Live webinar presented by Mitha Nandagopalan, JD
December 7, 2023, 12:30pm
90 min of CLE credit anticipated
Police in dozens of cities are increasingly relying on acoustic gunshot detection technology such as ShotSpotter, which purports to use microphones in multiple locations along with artificial intelligence to identify and locate gunfire. The technology, however, presents serious evidentiary and constitutional concerns. This training will review the claims of SoundThinking (ShotSpotter’s parent company) about the technology, what the independent evidence does and doesn’t show, and what legal issues to look for. We will then review recent case law and the range of legal issues surrounding ShotSpotter’s use in investigations and at trial — including 4th Amendment analyses, reliability issues, Brady problems, and hearsay and confrontation — and offer concrete strategies for litigation at the discovery stage, during pretrial motions, and in trial.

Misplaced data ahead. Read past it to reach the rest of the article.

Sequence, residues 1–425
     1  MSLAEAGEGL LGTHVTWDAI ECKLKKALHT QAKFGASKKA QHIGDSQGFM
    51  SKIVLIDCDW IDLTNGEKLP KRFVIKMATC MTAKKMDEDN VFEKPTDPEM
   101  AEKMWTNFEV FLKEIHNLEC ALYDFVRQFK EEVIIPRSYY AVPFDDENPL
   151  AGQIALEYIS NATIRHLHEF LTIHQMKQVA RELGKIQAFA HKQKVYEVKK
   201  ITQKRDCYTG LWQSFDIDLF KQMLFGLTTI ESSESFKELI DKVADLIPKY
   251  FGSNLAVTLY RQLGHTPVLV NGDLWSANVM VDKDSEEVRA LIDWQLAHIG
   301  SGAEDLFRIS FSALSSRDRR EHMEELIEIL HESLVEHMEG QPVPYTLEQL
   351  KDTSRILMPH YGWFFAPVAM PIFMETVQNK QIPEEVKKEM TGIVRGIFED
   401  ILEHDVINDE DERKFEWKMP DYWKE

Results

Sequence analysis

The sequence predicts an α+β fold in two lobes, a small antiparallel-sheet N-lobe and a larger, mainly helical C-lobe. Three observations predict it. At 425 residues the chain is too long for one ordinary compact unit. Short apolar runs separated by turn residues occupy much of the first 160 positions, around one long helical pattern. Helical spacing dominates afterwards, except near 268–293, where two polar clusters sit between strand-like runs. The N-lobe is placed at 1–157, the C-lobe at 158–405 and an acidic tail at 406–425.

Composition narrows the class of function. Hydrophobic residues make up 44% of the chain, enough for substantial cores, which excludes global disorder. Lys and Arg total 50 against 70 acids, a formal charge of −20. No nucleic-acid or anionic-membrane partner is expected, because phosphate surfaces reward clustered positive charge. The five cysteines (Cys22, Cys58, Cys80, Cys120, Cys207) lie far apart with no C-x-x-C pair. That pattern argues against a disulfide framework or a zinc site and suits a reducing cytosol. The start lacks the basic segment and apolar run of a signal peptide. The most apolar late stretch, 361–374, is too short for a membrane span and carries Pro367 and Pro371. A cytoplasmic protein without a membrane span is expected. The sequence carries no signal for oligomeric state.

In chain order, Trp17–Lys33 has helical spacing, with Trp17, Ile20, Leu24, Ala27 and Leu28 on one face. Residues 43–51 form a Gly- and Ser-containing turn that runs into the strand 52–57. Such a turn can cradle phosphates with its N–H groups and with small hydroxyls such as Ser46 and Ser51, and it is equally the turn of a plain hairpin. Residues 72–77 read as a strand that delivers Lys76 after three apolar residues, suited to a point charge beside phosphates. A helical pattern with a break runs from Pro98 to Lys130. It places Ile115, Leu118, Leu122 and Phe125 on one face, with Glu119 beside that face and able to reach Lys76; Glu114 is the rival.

This program is part of the 2023 IDS Forensic Science Education Series. The webinars will be presented monthly and are free to attend. Attorneys who want CLE credit for attending will be billed $3.50 per credit hour by the State Bar. Use this link to register for all webinars in the series and attend any that are of interest.
Mitha Nandagopalan joined the Innocence Project’s Strategic Litigation Department as a staff attorney in February 2023 to work on issues involving emerging surveillance technologies and the risks they pose for generating wrongful convictions, especially in communities of color targeted for heightened surveillance. Before joining the Innocence Project, Mitha was an assistant public defender in Albuquerque, New Mexico. Prior to that, they clerked for Justice Susan Carney on the Alaska Supreme Court in Fairbanks. They hold a J.D. from Harvard Law School, where their clinical work focused on representing indigent tenants facing eviction and housing discrimination. Prior to law school, they taught 5th grade in Brooklyn, where witnessing the over-policing of their students and students’ families propelled them to a career in indigent defense.